Today’s victim is a Ficus microcarpa “crassifolia”. Common name is “green mound ficus. Some people like to call it the “pointy leaf green island” but hey, people call the little lizards that run around all over Florida “geckos” too.

The tree belongs to Steve-o, from one of the Sarasota studygroups. We had yanked it off a much larger ficus he found at a plant rental company (if I remember that correctly. And yes, there are companies where you can rent plants, yearly, monthly or just for an event).

Here’s the parent tree we took this one off of. Pretty impressive, but that tree’s story is for another day.

Let’s look at today’s tree.

It’s complicated, that’s for sure.

The title kinda gives away the aesthetic I’ll be going with.

Twists, turns, switchbacks, line.

I had a conversation several years ago with bonsai artist Sergio Luciani, from Argentina. He was saying that line would become more important in bonsai as the Art matures. Heavy trunks are great and all, but we as artists can only tell that story so many times before we become bored.


But line, flowing and graceful, the dynamic tension it can create, the movement of the composition; line can make a tree interesting.

Sometimes “interesting” is more than the Constant Intermediate can handle though.

The first thing I need to do is to get it in a pot. The attitude of the roots and main trunk will help me get the branches in place.

Steve found this awesome potter, Fiona Burgess, from New Zealand.

I love her work, not only the glazes and textures she creates, but her structure is near perfect.

Her website is Here, go around, peruse, leave some feedback, do some shopping.

And she even puts tie down wire holes! Imagine that?

Pot is prepared, good soil (the best, Adamaskwhy SuperMix!)

Rake the roots (no need to bare root, hardly ever actually).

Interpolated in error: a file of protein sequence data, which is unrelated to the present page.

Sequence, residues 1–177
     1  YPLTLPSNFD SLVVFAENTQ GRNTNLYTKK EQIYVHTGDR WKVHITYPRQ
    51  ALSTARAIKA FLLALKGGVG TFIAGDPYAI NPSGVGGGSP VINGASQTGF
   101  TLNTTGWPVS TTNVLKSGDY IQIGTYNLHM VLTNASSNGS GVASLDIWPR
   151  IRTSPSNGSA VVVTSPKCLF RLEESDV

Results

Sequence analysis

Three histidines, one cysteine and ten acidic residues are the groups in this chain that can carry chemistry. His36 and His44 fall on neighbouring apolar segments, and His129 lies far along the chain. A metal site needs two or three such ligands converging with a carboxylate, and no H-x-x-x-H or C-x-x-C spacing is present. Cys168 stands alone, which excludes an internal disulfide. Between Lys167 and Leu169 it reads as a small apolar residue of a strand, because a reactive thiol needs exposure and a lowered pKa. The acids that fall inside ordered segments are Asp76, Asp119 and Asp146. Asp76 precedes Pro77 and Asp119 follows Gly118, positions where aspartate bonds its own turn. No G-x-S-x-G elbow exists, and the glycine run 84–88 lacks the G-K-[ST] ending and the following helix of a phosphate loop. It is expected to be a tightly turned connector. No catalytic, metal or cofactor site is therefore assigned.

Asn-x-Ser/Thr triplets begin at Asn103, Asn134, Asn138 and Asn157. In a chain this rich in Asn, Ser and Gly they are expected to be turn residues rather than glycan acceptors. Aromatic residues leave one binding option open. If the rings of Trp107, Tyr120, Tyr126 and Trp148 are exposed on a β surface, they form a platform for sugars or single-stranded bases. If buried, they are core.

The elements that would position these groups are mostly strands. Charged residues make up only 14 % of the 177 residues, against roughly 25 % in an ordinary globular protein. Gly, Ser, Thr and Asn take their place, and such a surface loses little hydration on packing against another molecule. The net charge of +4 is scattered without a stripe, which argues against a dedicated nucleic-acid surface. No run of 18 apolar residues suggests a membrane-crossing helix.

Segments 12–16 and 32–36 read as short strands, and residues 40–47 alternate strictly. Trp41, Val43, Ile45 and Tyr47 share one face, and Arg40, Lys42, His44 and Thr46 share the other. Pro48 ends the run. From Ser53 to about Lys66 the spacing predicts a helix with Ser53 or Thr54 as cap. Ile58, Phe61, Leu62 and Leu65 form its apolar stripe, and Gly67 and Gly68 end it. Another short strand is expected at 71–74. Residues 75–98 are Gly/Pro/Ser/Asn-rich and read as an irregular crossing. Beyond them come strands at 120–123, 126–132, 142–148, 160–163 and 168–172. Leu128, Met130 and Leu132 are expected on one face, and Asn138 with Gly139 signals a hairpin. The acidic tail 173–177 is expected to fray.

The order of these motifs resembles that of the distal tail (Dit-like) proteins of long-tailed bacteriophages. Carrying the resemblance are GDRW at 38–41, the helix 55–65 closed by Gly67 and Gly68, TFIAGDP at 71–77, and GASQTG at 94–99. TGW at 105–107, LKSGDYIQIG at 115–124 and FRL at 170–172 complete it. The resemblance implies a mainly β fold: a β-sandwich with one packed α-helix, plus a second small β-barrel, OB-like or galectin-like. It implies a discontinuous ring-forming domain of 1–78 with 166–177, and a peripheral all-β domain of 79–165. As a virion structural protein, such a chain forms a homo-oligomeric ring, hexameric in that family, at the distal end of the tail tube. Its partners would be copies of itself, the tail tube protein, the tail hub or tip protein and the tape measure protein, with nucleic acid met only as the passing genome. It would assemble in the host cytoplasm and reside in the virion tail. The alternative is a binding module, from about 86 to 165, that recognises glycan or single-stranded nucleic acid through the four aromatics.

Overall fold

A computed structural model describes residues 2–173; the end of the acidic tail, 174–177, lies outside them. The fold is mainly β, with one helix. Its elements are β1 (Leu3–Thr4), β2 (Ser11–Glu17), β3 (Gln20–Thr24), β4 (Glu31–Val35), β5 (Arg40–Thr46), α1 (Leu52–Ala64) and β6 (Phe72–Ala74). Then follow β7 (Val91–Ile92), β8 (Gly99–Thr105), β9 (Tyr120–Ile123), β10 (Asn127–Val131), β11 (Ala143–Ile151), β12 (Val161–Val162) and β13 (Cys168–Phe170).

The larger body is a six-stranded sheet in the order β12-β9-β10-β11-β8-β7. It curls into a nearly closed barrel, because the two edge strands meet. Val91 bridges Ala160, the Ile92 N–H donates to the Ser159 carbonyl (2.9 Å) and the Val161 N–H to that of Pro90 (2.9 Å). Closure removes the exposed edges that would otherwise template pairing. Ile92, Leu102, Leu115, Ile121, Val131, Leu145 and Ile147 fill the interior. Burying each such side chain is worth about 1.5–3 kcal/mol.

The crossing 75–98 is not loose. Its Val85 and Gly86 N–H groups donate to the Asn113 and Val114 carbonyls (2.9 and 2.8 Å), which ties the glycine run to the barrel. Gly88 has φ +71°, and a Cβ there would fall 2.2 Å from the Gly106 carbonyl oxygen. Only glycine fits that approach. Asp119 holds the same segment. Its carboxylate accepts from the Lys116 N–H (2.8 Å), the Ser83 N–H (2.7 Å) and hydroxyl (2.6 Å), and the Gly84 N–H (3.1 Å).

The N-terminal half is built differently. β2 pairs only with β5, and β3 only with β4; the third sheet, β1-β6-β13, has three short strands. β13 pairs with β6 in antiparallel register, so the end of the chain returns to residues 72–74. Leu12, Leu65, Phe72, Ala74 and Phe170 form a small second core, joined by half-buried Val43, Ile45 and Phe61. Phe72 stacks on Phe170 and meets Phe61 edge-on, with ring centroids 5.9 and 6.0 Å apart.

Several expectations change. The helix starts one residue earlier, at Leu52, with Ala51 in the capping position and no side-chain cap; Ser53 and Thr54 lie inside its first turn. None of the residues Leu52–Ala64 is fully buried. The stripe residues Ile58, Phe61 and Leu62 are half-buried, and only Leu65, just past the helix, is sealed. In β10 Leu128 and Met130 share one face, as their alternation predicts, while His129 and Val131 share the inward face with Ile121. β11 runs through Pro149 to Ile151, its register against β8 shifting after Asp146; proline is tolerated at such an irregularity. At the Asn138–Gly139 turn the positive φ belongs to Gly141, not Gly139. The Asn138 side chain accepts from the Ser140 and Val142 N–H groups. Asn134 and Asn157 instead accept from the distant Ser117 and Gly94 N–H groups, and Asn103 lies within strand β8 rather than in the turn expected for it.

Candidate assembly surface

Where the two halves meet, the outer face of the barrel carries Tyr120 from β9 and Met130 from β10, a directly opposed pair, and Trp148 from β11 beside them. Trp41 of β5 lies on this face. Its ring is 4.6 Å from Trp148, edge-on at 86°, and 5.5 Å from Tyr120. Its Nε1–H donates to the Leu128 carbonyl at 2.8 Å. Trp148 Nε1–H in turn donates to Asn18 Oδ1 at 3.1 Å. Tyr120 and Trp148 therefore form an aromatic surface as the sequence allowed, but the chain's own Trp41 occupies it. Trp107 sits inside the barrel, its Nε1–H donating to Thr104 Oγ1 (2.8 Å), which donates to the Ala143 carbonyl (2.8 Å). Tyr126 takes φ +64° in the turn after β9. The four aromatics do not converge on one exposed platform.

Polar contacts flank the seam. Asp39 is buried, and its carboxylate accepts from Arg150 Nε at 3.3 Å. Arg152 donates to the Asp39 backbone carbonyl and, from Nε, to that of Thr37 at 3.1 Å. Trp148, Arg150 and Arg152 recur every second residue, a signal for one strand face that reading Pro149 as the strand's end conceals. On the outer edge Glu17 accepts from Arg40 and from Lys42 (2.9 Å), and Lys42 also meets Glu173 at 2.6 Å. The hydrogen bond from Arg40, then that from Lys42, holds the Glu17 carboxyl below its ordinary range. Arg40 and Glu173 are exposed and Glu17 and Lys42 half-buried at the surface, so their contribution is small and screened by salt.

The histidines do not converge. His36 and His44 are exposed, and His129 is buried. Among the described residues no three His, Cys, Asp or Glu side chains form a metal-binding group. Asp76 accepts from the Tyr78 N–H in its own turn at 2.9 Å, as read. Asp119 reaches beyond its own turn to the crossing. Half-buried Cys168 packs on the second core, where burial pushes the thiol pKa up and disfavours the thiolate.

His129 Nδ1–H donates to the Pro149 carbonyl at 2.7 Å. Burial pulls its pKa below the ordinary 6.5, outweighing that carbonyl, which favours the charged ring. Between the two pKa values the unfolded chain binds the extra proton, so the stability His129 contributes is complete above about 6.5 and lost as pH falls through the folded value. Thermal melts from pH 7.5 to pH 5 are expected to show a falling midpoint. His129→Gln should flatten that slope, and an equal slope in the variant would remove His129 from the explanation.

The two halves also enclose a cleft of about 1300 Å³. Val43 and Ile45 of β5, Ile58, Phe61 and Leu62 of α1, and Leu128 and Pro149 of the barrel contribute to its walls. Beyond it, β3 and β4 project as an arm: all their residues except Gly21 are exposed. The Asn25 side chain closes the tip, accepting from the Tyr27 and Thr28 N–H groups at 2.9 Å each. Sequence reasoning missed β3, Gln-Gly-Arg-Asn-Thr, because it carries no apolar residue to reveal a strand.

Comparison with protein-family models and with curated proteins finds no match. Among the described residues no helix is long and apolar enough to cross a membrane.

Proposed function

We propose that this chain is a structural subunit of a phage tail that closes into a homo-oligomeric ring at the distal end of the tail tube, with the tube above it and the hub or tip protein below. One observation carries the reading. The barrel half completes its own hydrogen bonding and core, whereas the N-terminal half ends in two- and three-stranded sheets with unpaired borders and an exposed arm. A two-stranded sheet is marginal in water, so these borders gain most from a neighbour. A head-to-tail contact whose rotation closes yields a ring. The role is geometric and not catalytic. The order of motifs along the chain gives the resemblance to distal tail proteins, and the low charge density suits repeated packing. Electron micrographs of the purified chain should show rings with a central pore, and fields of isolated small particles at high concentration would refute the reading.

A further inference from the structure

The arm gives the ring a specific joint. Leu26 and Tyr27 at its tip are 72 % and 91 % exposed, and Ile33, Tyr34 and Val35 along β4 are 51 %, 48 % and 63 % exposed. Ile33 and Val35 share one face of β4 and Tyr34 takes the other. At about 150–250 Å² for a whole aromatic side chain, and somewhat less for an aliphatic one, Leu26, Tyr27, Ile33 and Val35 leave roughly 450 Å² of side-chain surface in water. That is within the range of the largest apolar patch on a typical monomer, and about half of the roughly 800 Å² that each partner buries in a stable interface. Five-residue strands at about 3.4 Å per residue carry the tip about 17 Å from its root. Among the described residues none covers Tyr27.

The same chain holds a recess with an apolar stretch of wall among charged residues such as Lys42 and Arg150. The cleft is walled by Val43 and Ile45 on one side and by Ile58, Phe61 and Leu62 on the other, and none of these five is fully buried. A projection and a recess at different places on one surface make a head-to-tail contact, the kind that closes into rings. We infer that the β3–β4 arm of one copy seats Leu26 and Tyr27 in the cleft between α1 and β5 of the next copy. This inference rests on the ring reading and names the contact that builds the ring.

Now the fun begins.

I get to decide where this roller coaster is going.

The pruning will be mostly for movement. Hard movement in some places, with more than a 90° switchback. If you ride this E ticket ride, you may just blow some serious chunks.

There will be a top…

…depth and branches and all thats needed to let the tree make sense…

All pruned, ready for some wire.

Like I said, complex. This ain’t your common mallsai or vendor room bargain bonsai.

It was a little more difficult to wire than most initial designs. The more I work with complex trees I am more apt to believe that a demonstrator may cut off more than he needs to during a show just so he can finish the tree in the time allotted.

Here’s a video with some commentary (mostly just me running my mouth) that shows the complexity of the lines of the tree better than still photos.

I know many people would have simplified this tree to one branch, one top, and a single cascade.

This was a challenge, but it was fun. And Steve-o let me have at it, so it was worth it.

7 thoughts

    1. Yes I do. Asking if it is bonsai, is like asking if a Dali or a Warhol or a Pollock is art. The context of either question is a very constrained view of what bonsai or art is. For example, art is only things that look like a Ruebens.

      Liked by 1 person

  1. Love Fiona’s pots! Been planning to get some for my trees when they’re pot ready for forever, so lucky to have her in my country. Awesome tree too, would pick an interesting and artistic tree over “good bonsai” any day.


  2. Awesome bones there.
    You seem to have peeved the perpetual intermediates again, as per usual.
    In my opinion that means you’re doing something right.

    Liked by 1 person

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